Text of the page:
Massive Win for Passivhaus Demo

9 February 2012

Hastoe, bere:architects and The Prince’s Foundation have collaborated to develop a low cost, traditional semi-detached Passivhaus, which was announced as the winning pair of demonstration houses for the BRE’s Innovation Park at Watford last week.

The Chestnut House is an ultra-low energy, carefully proportioned Passivhaus inspired by traditional house design. It is extremely economical to build and provides an exemplary solution to an increasing demand by social housing providers and individual homeowners for low energy, cost efficient, easily-maintained and robust houses. The Chestnut House will be welcomed by planners and local communities who want housing that fits comfortably within existing townscapes and rural settings. This is housing that, possibly for the first time, recognises what people want today while at the same time delivering now what people will increasingly need tomorrow.

Recently announced 2013 building regulation proposals confirm the Government’s commitment for new and existing buildings to reach the ultimate goal of Zero Carbon Homes to cut the UK’s carbon emissions. Communities Minister Andrew Stunell stated that; “A quarter of the carbon emissions produced each year come from our homes, so it is vital we get to grips with energy efficiency to tackle this problem. Making our homes more sustainable will also keep people warm, drive down bills and support jobs in the construction industry.”

Justin Bere firmly believes that Passivhaus technology is the best way to achieve these goals and due to his practice’s research The Chestnut House is poised to deliver a range of mass market ultra low energy housing units as detached, semis or terraces.

Hastoe Chief Executive, Sue Chalkley, comments:

“To have won the BRE Passivhaus competition is a great accolade and we are very pleased to have achieved this in the first phase of the project. We developed the first rural affordable homes in the UK and our Passivhaus scheme in Essex, which recently achieved certification, is now the largest of its kind in England. We also currently have Ditchingham on site and a further 139 schemes in our programme.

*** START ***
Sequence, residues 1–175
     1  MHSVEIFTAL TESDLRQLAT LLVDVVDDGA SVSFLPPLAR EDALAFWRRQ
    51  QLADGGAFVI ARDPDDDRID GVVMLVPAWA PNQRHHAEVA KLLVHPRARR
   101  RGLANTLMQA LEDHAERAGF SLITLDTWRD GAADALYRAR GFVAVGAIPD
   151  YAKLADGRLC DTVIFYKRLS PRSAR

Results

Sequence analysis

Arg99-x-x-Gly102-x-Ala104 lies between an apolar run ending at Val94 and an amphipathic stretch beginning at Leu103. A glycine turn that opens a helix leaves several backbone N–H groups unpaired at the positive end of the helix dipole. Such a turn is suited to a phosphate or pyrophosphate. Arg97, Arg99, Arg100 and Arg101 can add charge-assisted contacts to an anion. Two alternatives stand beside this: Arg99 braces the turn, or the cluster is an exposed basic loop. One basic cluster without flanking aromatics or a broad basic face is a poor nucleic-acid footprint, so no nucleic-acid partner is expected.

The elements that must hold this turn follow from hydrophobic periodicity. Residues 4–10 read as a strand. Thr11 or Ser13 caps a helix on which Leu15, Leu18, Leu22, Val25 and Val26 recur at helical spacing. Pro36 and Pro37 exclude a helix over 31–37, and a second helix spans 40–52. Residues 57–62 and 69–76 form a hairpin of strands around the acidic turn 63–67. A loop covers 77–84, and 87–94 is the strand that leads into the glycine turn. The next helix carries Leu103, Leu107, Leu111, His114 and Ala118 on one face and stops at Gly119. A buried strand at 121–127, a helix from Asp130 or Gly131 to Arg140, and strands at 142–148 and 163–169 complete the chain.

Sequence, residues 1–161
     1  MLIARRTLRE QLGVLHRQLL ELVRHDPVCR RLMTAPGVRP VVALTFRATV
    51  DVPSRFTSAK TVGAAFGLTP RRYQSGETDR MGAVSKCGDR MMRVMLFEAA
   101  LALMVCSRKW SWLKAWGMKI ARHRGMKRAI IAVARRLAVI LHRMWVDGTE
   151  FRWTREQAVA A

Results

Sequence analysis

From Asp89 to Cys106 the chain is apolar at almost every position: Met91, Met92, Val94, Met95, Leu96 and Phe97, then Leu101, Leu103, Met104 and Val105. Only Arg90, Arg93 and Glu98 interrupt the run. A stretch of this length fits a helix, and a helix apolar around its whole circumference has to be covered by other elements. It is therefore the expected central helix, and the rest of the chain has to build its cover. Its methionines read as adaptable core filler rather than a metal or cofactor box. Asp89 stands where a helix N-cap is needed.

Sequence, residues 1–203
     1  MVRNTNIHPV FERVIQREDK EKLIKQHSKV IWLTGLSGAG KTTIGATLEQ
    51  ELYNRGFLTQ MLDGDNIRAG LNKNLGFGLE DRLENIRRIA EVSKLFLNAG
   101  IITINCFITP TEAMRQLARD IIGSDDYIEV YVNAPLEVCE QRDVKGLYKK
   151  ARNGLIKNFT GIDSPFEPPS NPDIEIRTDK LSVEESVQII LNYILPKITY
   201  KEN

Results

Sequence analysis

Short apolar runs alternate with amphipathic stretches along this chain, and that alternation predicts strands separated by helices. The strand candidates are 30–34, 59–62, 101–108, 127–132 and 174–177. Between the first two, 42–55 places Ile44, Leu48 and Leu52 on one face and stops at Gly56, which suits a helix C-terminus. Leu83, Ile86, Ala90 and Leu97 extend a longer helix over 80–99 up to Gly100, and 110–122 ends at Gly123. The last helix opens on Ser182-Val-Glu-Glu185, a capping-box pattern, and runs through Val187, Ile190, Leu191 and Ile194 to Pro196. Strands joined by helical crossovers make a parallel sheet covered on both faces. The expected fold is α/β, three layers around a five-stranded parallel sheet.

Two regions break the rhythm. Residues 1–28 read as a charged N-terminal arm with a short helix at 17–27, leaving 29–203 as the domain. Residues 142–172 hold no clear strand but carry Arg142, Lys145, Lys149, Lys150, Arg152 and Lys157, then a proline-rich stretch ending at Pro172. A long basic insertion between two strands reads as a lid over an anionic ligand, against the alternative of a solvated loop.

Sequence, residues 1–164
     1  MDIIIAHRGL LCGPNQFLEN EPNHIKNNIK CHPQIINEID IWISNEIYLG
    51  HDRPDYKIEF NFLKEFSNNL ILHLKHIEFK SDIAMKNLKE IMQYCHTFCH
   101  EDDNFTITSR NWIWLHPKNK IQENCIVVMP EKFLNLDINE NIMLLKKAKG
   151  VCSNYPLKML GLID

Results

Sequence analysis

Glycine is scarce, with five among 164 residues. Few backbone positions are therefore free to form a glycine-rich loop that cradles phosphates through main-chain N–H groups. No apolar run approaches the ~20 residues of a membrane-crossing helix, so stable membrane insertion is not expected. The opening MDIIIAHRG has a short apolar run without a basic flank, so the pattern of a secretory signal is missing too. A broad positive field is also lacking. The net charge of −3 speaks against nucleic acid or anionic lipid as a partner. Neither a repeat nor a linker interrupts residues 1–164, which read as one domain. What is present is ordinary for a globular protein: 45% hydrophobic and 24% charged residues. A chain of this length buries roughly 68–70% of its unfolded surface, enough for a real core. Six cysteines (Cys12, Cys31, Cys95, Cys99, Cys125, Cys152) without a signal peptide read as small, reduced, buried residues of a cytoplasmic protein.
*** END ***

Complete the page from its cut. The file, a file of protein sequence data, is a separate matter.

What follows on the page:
“We are committed to developing homes to this high standard which provide a very real solution to the serious and growing problem of rural fuel poverty, whilst also protecting the climate. We look forward to continuing our partnership with bere:architects and The Prince’s Foundation during the next phase of the project, the implementation. Winning this competition proves that Passivhaus good design and affordability can go hand in hand.”

The Chestnut House builds on the vast quantity of research that bere:architects are undertaking as part of the Technology Strategy Board, Building Performance funding programme. “We are absolutely thrilled to be given the opportunity of building on previous work and creating something truly outstanding at Watford that will act as a realistic signpost for the future,” said Justin Bere of bere:architects.

The finalists’ submissions were judged by an appointed panel of UK and International Passivhaus design experts. The Chestnut House will be built in BRE’s Innovation Park at Watford and offers a solution for beautiful, cost effective, low energy homes which can be built as large scale developments.

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